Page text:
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Metal Stolen from Vehicles in Menards, Kmart and Home Depot Parking Lots

The catalytic converters from three different vehicles were stolen from three different big box Halsted Street retail store parking lots in Homewood.

The Homewood Police Department is investigating three incidents at
 Homewood businesses where employees' cars were stripped of their
 catalytic converters, police said.

The metal thief or thieves struck Wednesday at Menards, 17545 Halsted
 St.; Kmart Supercenter, 17550 Halsted St.; and Home Depot, 17845 Halsted
 St., in each case targeting employee vehicles parked in outlying lots,
 according to the report.

In the theft at Menards, a woman discovered that someone had used a 
cutting tool to remove the catalytic converter from her vehicle parked 
in an outer lot sometime between 5:30 p.m. and 9:30 p.m., police said. The
 replacement cost was estimated at $500.

At Kmart, a parking lot security camera captured the image of a
 dark-colored van parking near an employee's car at 8:37 a.m. and leaving just eight minutes later. The
employee, a Chicago Heights resident, discovered numerous wires
 dangling from the undercarriage of his vehicle and his catalytic
 converter missing, with the damage again estimated at $500.

At Home Depot, two employees discovered their catalytic
 converters missing, with the time of the theft estimated to be between 5:30 a.m. and noon, police said.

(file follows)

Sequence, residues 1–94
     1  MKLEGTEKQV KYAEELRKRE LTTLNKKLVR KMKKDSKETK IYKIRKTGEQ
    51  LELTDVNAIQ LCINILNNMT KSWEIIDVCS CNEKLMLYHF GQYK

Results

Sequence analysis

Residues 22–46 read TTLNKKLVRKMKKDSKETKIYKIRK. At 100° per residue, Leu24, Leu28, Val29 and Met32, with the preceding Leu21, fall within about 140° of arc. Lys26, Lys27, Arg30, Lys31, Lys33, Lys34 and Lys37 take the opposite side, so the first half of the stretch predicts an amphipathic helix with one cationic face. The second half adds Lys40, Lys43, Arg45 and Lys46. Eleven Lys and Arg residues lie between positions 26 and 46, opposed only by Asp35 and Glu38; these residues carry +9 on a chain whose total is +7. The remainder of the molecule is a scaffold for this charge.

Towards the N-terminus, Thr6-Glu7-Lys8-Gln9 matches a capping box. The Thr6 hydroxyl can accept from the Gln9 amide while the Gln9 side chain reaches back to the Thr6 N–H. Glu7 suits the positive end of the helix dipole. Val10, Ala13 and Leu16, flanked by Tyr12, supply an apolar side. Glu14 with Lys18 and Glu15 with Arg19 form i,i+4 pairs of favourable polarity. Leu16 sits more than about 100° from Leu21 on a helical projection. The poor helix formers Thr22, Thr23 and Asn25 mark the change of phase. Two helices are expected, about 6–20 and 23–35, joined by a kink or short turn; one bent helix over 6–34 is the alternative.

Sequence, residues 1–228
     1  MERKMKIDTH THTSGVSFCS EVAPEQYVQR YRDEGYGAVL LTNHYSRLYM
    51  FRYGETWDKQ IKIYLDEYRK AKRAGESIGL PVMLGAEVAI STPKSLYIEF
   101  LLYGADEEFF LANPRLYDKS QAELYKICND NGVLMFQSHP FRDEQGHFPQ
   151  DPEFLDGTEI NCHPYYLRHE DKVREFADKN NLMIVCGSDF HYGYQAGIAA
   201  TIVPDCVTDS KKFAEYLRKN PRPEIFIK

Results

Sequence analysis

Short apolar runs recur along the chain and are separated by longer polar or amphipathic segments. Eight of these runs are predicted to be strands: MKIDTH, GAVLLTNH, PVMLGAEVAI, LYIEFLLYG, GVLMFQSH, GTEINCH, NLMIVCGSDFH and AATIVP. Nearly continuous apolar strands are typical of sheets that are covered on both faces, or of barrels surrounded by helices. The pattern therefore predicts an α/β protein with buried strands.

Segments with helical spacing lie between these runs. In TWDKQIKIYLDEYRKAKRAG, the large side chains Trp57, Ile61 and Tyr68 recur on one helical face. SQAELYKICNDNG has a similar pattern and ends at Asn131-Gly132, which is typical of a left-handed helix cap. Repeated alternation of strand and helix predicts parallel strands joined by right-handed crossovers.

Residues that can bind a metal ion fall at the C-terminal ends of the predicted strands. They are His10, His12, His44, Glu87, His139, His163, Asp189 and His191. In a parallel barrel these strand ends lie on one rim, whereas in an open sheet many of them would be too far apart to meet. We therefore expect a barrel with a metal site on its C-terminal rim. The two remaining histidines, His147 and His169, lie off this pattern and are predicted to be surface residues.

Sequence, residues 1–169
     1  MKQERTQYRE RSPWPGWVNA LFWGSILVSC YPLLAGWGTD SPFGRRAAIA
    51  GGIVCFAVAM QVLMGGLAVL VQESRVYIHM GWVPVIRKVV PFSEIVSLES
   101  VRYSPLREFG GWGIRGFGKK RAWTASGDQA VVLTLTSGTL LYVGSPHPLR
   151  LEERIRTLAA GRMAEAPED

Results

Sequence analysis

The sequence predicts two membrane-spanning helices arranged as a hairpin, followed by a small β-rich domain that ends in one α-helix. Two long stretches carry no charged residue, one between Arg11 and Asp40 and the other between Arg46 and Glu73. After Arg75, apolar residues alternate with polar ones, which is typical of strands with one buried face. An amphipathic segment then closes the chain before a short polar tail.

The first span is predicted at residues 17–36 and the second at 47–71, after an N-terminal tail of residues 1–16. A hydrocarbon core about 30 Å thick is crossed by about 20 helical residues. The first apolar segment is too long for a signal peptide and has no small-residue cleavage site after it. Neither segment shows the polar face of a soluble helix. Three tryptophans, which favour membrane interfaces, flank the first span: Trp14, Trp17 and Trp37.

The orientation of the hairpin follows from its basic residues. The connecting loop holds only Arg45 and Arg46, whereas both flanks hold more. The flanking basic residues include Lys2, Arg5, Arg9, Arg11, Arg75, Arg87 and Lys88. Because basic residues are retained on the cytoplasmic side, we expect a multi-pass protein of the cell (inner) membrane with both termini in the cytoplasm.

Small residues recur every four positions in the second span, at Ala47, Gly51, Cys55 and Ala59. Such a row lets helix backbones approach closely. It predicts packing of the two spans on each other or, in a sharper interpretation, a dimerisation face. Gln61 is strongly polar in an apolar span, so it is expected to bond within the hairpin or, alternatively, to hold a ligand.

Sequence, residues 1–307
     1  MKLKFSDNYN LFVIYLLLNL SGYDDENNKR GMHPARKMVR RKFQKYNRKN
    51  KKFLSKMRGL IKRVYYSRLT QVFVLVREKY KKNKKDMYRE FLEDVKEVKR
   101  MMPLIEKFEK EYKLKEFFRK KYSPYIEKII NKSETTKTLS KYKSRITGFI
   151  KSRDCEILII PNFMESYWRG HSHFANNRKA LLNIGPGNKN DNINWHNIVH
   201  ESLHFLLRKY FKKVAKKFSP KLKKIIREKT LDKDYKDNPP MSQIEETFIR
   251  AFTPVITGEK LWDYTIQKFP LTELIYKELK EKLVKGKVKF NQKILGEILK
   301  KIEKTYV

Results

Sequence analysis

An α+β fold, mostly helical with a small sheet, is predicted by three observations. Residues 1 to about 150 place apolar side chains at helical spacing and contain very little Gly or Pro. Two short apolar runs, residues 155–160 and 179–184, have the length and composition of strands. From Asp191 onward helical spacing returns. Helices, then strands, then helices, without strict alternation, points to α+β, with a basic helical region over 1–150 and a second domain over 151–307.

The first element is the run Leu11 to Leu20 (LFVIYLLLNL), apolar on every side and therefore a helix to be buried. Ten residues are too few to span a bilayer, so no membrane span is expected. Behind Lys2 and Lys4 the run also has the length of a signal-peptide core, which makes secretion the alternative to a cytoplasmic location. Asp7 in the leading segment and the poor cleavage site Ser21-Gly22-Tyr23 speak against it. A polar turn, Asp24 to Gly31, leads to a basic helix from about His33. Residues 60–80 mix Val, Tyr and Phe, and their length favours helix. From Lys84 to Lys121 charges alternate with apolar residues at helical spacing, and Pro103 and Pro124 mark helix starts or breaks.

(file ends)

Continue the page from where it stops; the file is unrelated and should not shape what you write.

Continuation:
Nationally known metal theft expert Gary Bush, director of material theft prevention at the Washington, D.C.-based Institute of Scrap Recycling Industries, Inc. (ISR), said these thefts reflect an ongoing national trend.

"Sadly, I have heard of similar incidents,” Bush said. “Any vehicle unattended is a
potential target, although it seems (but not always the case) that the 
thieves go after trucks, vans, SUVs more than anything else—the (catalytic converters)
 are easier to get to. I still try to promote marking items for easier
 identification and for law enforcement to register and use Scrap Theft 
Alert so that the recyclers can be alerted as to what to look for."

According to Sgt. Denise McGrath, no arrests have yet been made for the thefts.

Colin Thomas June 27, 2011 at 02:58 PM
How does one mark their catalytic converter?
Leslie Lynnton Fuller June 27, 2011 at 08:39 PM
Colin, I know it sounds strange, but metal theft expert Gary Bush recommends marking your metal with paint, or etching or engraving if paint is not advisable. He also advocates that you photograph all your a.c. units, lawn mowers and other outside equipment, and maintain a file with serial numbers on all electronic products. In the end, a thief can still target your property, but it's less attractive as a target if it's distinctive in some way.
Ryan Fitzpatrick June 27, 2011 at 08:47 PM
Leslie, You beat me by 5 minutes. Here's another tip according to your previous article: "Law enforcement officials, scrap yard owners and citizens also can register an alert about stolen items and upload pictures and videos with ISR's national scrap theft alert system," metal theft expert Gary Bush said.

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